I'll try to go into as much detail as I can and explain what I did and why. If there are any questions, don't hesitate
First, I tried to guess what's wrong from what I can see without opening the device.
I know the controller works since it turns on, has a working display and the buttons also work.
I know the motor and heater are working, this means that the power supply section is also fine.
The biggest clue was the temperature itself. while 32F seems arbitrary, 0C can't be a coincidence. I suspected that it wasn't just stuck at some temperature, but displaying the default value when not getting a valid reading.
This means either the thermistor itself is faulty or the reading is not getting where it needs to go.
Then I opened it to have a closer look and figure out what everything does.
There are 3 metal tubes with wires coming out of them, these are the temperature sensors and the water level sensor, but which is which?
One tube has 3 wires coming out of it and is not touching anything. Two of the wires are green, these are the wires for the thermistor (this makes sense since thermistors don't care about polarization, so they usually have the same color wires). The extra wire is connected to the tube itself and is part of the water level sensor.
Another, shorter, tube has only one wire coming out of it and the tube itself is also not touching anything. The wire is connected to the tube itself - This is the other part of the water level sensor. When the water reaches the shorter tube, it shorts the two tube bodies together, thus indicating to the controller that the water has reached the desired level. (This means that this wouldn't work in distilled water, good to know).
The last tube has 2 wires and is clamped to the heater. The wires are the same color (red) so I suspected that this is another thermistor, but why two?
After following the thermostor wires and the traces on the board, I saw that the red wires were connected to the same board as the green wires, but the red wires' traces on the board stay on the board and lead to part of the power circuit. The green wires lead to a connector, from that they go to another board via a flat ribbon cable and then to some component on the second board. (There was also a small board which had the connectivity hardware that had to be removed in order to reach the components under it)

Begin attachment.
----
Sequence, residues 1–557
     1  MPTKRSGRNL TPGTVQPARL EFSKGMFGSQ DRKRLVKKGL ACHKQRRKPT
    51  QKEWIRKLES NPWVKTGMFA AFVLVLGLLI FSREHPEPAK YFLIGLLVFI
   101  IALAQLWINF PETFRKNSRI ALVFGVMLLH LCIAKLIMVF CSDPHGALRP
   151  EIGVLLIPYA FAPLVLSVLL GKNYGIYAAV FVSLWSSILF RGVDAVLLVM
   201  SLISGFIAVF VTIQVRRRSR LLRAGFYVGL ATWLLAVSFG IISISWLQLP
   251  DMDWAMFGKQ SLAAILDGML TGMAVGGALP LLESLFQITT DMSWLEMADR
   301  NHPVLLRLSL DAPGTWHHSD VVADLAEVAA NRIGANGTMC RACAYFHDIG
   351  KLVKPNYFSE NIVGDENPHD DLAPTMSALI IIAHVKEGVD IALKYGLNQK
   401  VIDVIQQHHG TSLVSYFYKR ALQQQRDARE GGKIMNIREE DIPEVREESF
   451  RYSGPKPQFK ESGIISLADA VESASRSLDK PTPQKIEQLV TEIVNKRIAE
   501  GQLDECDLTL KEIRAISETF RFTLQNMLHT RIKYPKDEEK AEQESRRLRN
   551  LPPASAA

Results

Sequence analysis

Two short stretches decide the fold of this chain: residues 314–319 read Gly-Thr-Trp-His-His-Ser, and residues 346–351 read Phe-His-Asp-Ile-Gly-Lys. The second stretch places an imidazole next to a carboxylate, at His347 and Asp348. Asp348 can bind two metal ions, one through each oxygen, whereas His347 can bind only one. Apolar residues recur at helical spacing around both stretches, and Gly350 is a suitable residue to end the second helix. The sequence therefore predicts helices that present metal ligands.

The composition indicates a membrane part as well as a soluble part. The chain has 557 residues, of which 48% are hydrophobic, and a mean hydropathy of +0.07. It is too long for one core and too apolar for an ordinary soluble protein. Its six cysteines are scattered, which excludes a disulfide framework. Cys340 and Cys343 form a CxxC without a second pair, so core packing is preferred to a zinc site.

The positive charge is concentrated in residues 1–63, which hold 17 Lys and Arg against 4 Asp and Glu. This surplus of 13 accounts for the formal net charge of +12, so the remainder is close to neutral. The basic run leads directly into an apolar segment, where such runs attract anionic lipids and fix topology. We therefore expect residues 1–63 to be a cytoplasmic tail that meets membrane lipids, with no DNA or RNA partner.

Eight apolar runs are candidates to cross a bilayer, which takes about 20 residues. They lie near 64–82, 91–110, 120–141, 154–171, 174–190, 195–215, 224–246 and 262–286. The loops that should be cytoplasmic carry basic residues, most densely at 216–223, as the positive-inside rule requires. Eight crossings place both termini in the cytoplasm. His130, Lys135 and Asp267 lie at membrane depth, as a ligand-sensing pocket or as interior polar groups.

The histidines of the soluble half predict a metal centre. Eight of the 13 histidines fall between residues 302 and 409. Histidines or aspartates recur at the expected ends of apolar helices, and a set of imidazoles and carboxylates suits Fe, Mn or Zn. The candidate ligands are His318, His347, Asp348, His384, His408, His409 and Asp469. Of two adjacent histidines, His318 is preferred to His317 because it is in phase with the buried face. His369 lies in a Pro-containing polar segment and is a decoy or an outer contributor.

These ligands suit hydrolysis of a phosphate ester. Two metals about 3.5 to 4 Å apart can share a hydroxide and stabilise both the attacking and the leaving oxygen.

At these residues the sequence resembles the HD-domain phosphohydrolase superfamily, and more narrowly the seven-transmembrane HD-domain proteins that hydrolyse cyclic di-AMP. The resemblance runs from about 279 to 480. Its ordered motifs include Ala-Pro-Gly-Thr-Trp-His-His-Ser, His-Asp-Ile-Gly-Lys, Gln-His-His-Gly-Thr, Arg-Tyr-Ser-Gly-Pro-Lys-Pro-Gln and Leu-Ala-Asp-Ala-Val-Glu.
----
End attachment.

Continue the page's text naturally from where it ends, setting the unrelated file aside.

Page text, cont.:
This told me that the red-wired thermistor is not read by the controller and is only used for protection if the heater gets too hot.
The green-wired thermistor is the actual water temperature sensor.
After I was confident I understood how everything comes together, I started troubleshooting.
I measured the resistance of both the thermistors and they came out about the same and a value that makes sense for a working thermistor (can't rememeber the specific value, it's in the KOhms range).
To make sure that the problem isn't with the thermistor itself, I swapped the thermistors. I connected the green wires instead of the red and vice-versa and powered the device. No change, still 0C and the motor and heater still work. So both the thermistors are fine. (BTW, in order to test the heater and motor, I shorted the two tubes with a screwdriver to trick the controller to think there's water between them)
This led me to suspect the component that the thermistor is reaching (I followed the traces as I mentioned, and checked continuity with a meter and it seems fine up to the component)
I also followed the traces from the component to the processor and they seem fine too.
I checked what this component does and google revealed it's an ACD. AHA! that makes total sense.
I downloaded the datasheets for both the ADC and the processor and made sure the pins were connected to where they should - and they were.
I desoldered the ADC and resoldered it to the board to make sure it's not just a cracked solder joint or a short, but it didn't help.
I also tried cleaning all the boards with alcohol and an ultrasonic cleaner to eliminate the possibility of particles causing a short. It didn't help also.This led me to the conclusion that most likely the ADC is dead.
I thought about probing the ADC and seeing what it outputs, but the datasheet for it was not very helpful and mostly in Chinese, so I decided to replace it since it's very cheap.
After the component arrived (a month later), I swapped the ADC with the new one and tested again - SUCCESS!
Put everything together, tested again and started cooking.
Here are more photos of the inside: